Students in this integrated math course would receive two math credits and would have two math teachers, but there would be no difference between them. Both teachers would be responsible for both subjects and students would see them as equals.

The course would be 90–120 minutes long and would meet every day. Instruction would be 100% project- or problem-based. Students would be divided into periods by the previous year's academic performance to achieve a diverse group in every class. With two teachers and support from special education and counselors, learning would be differentiated for all learning styles and paces.

10th grade

Learners who are successful in math during the 9th grade would move on to take an integrated Physics / Algebra 2 class. This course too would have an Honors track embedded within it. Extensions to problems would be required by these Honors students who would be expected to take a leadership role in the classroom.

This course would have two teachers: both certified in math and science. Again, students would not know who was who - both teachers would take responsibility for teaching both subjects. The class would be 90–120 minutes long and meet every day. Instruction would be 100% project- and problem-based. Learners at all levels would be in the same classroom for this course.

11th grade

By the third year of high school, some students would be prepared (and will need) to take Pre-Calculus. Others may have struggled through their first two years of math and/or have educational plans that do not require them to learn much more advanced mathematics. Having already satisfied 3/4 of the MIchigan's requirements in mathematics, it's at this point that it makes sense for a few divergent paths to emerge in math sequencing.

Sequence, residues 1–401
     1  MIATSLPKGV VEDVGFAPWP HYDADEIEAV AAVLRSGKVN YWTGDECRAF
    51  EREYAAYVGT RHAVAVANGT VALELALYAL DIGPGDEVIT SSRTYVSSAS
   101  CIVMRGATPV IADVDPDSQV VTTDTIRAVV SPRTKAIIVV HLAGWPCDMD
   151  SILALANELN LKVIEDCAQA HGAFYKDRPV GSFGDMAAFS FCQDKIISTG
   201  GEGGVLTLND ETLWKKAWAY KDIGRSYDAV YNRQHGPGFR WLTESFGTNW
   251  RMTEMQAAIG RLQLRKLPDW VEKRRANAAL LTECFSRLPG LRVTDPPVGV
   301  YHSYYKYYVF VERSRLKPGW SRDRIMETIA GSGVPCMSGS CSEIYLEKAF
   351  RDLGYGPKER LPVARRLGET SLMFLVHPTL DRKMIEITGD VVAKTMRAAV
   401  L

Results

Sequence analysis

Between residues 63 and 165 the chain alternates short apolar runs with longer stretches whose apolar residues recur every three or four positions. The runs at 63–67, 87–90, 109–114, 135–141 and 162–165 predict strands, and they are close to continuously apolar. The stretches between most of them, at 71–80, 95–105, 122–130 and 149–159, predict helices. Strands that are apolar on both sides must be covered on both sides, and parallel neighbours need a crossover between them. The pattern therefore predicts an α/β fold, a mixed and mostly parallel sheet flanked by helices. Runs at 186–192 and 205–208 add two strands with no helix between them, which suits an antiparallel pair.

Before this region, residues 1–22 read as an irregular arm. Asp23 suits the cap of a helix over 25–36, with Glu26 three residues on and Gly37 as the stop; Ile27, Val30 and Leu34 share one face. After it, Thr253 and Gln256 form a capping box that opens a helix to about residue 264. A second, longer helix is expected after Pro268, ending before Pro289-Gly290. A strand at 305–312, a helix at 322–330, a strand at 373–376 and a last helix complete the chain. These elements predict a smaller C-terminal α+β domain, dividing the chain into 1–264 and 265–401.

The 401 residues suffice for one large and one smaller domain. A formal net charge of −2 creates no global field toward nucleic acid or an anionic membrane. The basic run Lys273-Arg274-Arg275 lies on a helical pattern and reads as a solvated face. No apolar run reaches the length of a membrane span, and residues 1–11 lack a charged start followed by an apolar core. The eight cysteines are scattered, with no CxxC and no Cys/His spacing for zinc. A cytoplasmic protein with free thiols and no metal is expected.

1. Students in need of advanced mathematics understanding could take a stand-alone, hour-long, problem-based Pre-Calculus course or a more traditional semester-long Pre-Calculus and Calculus 1 course sequence at the community college.
  2. Students not needing advanced mathematics who are interested in a service career could take an integrated Statistics & Social Science (Sociology/Psychology) course.
  3. Students interested  in more hands-on technical career could earn their math credit through a program at the nearby Career and Technical Education Center.

12th grade

By creating divergent paths during the 11th grade, students' math options would become even more specific to their desired outcomes and ability during their fourth year of high school.

  1. Students following a path of advanced mathematics could continue to take advanced courses at the community college.
  2. Students following a service or health career path could earn credit through industry-specific math courses offered at the community college.
  3. Students attending the Career Center would continue to earn their math credit through the programs offered there.
  4. Students choosing to change paths would be supported to do so according to their ability.


To reiterate the point made in the first paragraph: this plan is not perfect. The cost of doubling up math in the freshmen year is substantial and would have to be offset in some way elsewhere in the school. The cost and quality of off-campus courses would also need to be considered.  

With that said, it gets students where they need to go without compromising classroom culture by splitting the most skilled math students from those who struggle. It creates math teaching teams who can support each other to truly differentiate. It provides ample time for students to complete challenging projects and problems. And, by providing two Michigan math requirements in the first year, it provides students the opportunity to re-take a course if they struggle and fall behind. It starts to get at some of the questions I was writing about last night.

I realize that there are a lot of points and assumptions that I'm making without specifically spelling them out. As a rule, that's probably going to be a theme in my writing. I simply don't have time to pull out every detail. The point is that I hope others will join in the conversation. Things will get spelled out in time. If you have questions, I encourage you to ask.